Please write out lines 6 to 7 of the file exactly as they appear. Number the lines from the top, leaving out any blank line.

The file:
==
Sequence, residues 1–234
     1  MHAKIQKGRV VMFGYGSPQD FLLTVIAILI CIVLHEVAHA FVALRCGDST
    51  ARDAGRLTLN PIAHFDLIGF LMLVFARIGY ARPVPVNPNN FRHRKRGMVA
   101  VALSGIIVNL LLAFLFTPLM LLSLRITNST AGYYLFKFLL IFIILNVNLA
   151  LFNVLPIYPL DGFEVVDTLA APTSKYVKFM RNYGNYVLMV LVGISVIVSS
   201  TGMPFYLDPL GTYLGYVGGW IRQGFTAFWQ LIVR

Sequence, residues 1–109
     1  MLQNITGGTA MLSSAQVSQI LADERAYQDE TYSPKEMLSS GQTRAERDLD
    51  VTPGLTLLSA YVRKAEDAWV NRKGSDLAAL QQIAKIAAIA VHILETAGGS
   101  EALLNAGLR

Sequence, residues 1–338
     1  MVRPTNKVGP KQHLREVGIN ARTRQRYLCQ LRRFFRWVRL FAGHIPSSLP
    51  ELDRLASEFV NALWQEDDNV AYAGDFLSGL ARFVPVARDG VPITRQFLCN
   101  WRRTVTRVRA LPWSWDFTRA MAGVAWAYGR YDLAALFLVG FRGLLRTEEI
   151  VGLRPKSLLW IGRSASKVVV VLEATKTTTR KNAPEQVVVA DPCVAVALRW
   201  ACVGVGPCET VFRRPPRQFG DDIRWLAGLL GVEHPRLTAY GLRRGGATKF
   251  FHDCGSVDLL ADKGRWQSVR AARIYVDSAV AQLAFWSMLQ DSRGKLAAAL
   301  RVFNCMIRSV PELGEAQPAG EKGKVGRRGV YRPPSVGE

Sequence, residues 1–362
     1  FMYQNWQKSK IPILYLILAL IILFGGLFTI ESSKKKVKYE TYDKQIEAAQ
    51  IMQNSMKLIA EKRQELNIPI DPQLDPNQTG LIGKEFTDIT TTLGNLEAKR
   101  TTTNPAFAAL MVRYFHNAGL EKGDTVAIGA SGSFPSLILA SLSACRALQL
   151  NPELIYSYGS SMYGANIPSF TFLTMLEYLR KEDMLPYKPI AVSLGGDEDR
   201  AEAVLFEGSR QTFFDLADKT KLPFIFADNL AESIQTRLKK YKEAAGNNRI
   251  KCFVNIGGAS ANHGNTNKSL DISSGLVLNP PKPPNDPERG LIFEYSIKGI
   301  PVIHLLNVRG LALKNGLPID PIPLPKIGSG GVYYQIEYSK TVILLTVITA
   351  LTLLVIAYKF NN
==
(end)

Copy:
   201  TGMPFYLDPL GTYLGYVGGW IRQGFTAFWQ LIVR

Sequence, residues 1–109